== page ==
Chef Ravi Kapur, formerly of Boulevard and Prospect, brings his homegrown version of ohana (Hawaiian for 'family') to a pop-up restaurant he is calling Liholiho Yacht Club. The pop-up is happening at Citizen's Band in San Francisco for a total of four Monday nights. I attended the second dinner and there are two more scheduled with a possibility for additional ones in the future. The menu pulls from dishes that Kapur created with his friends in mind: the idea being to bring people together, eat family style, and enjoy each others company—without having to be an 'over-the-top-foodie experience.'
“In Hawaii, everyone seems to cook. It's a function of survival. Cooking isn't intimidating.” Kapur brings the easiness of his native Oahu to his menu, with dishes like tender pulehu beef tongue and smoked tako (octopus) easily shared between friends. Discussing the idea behind the pop-up, Kapur says, “I'm cooking with flavors I grew up with and not having to fit my inspiration into a fine-dining context.”
Though the food intentionally steers away from being 'fine dining,' the decade that Kapur spent as chef de cuisine at Boulevard and then executive chef at Prospect is evident in the dishes' execution: they look simple, but each of them has multiple ingredients that have been lovingly prepared for days before the pop-up: kimchi to accompany the main courses fermenting in the kitchen, three kinds of radishes pickling before being sliced onto appetizers, sugar caramelizing for the short-rib glaze.
Liholiho Yacht Club’s menu is fixed price, with no substitutions, set at $65 per person which includes tax and tip. The price tag might seem hefty, but considering that both the appetizer and the entrée courses include five dishes per person, there are two desserts, and all of the ingredients are high quality, your full belly will thank you after you 'grind'(Hawaiian slang for 'eats').
Sitting down at a cozy table at Citizen's Band, the first noticeable feature is the relaxed atmosphere. Even the servers have warm Hawaiian smiles and Mauna Loa music plays through the speakers. Tables are filled with groups of friends "talking story."
"When I was just on Maui, I was talking story, I mean 'hanging out' (he quickly corrects himself for my Californian ears) with my Uncle George," Kapur said. "He was telling me about how when he was younger, and racing Hobie Cats, he and his friends would throw parties to pay for their supplies. They would go down to the beach and throw a party--fire up the grill, ice down the beer, and get a band to play," reminisces Kapur. "They would charge a modest price--the intention was to make enough money to allow them to do what they loved. They realized they needed a name for their 'organization' and he lived on Liholiho street so decided to name it Liholiho Yacht Club. I loved the name and the idea: to throw a party to allow you to keep doing what you love."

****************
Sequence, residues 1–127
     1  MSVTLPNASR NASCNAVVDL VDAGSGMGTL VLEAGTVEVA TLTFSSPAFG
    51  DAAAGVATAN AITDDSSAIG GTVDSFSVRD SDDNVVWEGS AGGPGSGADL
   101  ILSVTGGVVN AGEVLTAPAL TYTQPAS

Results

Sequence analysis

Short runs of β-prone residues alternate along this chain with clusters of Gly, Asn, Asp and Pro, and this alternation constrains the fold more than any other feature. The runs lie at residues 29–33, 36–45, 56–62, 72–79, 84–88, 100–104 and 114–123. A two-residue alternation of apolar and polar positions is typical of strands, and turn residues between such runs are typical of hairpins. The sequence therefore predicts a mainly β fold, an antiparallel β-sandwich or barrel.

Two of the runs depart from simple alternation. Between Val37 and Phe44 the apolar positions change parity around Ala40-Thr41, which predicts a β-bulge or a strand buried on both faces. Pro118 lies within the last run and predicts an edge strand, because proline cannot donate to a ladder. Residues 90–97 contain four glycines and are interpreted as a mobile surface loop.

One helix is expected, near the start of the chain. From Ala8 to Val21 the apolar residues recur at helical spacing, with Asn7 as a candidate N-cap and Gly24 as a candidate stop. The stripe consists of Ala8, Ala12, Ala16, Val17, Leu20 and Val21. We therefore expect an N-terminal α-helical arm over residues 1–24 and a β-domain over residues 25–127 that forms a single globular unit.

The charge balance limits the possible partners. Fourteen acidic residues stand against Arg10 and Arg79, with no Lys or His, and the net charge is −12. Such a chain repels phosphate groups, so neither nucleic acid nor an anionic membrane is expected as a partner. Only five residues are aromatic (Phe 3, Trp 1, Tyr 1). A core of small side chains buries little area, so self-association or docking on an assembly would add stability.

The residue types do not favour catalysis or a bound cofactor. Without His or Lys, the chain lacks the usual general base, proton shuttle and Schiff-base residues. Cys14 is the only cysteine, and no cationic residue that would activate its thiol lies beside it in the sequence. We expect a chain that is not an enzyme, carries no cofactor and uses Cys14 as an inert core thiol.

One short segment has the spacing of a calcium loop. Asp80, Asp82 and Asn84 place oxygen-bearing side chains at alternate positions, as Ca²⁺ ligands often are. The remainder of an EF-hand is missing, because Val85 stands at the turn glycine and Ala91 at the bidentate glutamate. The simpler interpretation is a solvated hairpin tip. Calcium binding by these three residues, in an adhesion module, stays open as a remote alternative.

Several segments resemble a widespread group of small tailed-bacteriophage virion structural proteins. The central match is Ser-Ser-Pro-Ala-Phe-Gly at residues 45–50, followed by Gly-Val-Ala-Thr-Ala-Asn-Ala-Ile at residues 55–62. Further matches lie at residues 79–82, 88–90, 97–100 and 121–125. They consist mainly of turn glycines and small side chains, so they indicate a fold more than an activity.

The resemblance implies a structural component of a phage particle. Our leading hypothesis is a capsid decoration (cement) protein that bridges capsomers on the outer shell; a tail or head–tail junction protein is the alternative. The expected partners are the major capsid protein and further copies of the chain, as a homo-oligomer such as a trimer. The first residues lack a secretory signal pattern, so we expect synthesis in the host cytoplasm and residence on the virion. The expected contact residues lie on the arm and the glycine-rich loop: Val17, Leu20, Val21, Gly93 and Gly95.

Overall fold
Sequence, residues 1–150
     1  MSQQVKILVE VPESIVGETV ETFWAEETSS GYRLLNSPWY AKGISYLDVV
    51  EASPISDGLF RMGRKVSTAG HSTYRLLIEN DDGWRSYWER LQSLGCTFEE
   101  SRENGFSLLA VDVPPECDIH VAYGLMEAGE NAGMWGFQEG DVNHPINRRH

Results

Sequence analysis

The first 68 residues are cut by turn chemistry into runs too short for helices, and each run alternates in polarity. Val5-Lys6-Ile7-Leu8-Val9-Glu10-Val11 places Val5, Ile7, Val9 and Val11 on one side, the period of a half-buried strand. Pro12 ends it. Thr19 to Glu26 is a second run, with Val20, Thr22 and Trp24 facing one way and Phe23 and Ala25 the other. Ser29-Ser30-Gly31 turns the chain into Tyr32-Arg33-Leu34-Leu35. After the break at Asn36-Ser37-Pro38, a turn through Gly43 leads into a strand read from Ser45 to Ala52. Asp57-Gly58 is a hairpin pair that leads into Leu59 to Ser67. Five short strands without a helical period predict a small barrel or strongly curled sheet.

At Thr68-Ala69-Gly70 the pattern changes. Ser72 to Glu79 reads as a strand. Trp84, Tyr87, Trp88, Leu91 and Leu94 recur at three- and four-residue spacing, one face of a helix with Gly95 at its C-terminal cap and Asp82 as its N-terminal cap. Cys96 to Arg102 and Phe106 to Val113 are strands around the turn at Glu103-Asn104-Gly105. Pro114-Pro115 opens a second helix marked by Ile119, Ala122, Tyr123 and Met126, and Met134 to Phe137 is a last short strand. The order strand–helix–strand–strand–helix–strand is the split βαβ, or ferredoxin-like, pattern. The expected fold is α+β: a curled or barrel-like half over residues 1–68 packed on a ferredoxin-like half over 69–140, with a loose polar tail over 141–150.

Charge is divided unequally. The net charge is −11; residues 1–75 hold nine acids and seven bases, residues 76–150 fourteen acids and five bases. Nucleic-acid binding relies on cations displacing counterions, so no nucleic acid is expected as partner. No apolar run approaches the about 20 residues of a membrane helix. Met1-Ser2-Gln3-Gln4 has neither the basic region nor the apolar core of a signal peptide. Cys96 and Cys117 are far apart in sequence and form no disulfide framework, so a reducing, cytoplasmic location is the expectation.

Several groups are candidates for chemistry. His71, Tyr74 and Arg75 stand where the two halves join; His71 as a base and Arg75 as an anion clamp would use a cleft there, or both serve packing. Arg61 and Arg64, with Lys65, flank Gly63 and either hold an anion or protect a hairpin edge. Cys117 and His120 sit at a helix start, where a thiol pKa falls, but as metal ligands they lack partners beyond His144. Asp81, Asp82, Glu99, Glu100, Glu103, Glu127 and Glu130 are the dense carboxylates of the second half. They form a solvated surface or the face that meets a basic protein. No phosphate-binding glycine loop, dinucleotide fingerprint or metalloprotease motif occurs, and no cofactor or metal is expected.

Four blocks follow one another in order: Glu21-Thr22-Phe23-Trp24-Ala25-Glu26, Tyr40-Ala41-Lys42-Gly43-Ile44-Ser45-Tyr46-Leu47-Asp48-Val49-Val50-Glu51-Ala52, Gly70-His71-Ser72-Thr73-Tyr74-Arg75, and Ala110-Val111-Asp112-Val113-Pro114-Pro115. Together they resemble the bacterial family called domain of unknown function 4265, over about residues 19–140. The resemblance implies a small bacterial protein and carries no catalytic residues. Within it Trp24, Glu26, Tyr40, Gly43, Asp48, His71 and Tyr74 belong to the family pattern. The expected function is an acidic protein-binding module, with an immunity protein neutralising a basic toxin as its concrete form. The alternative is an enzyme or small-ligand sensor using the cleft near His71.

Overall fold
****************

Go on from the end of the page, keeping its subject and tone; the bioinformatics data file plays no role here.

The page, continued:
About the future of the pop-up, Kapur says there is "no grand plan, no long term goal," though he expresses admiration for Citizen's Band owner Chris Beerman for "taking care of his neighborhood first," and says one day he hopes to be able to do the same in the neighborhood he's lived in for 15 years: the Mission.
Ravi Kapur hanging with a table of diners at LLYC.
I’d recommend dining at Liholiho with a few friends. Portions are adjusted for smaller parties, but there’s something so inviting about the platters of Asian-influenced Hawaiian soul food. The Korean-style fried quail with a red Fresno chile barbecue sauce is especially noteworthy. The idea of digging into platefuls of soy-date glazed shortribs, fermented-miso sauced Brussels sprouts, and thin, tenderly-grilled beef tongue is even more appealing when you’re with a few friends, washing it all down with several communal bottles of Sapporo or Asahi beer.
The dishes for each course arrived all together, the five dishes took up most of the room on the table. The appetizer course dishes consisted of: small bites of potatoes in a white-miso vinaigrette, finished with steelhead roe and crispy potato skins; cold roasted sunchokes with large, dried nori flakes on a stripe of seaweed "ranch"; spicy clams in a red Thai curry sauce peppered with crispy strips of pig ears and larger chunks of the ear meat floating in the broth; and pungent house-smoked tako, cut nicely by spicy pickled radishes, sesame oil, and plenty of sesame seeds to give the dish a nice crunch that offsets the soft tako.
Don't eat a late lunch before dining at Liholiho Yacht Club, you'll want to save plenty of room for the deep-fried half-quail and the sweetly salty pork ribs. The vegetable sides accompanying the dishes have a fermented tang to them, and everything is self-served over a bed of sticky shiitake rice that's been steamed in a lotus leaf, Chinese-style.
“The food I'm cooking is very personal and influenced strongly by my childhood,” says Kapur on a Sunday afternoon as he brines pig ears that will eventually get thin-sliced and deep-fried to accompany a steaming bowl of clams during the appetizer course. “There's a lot of nostalgia on the menu. Eating smoked tako is one of my earliest food memories. Malasadas...they're everywhere. The ones I looked forward to the most were at the Punahou School carnival... that's the school Obama went to!”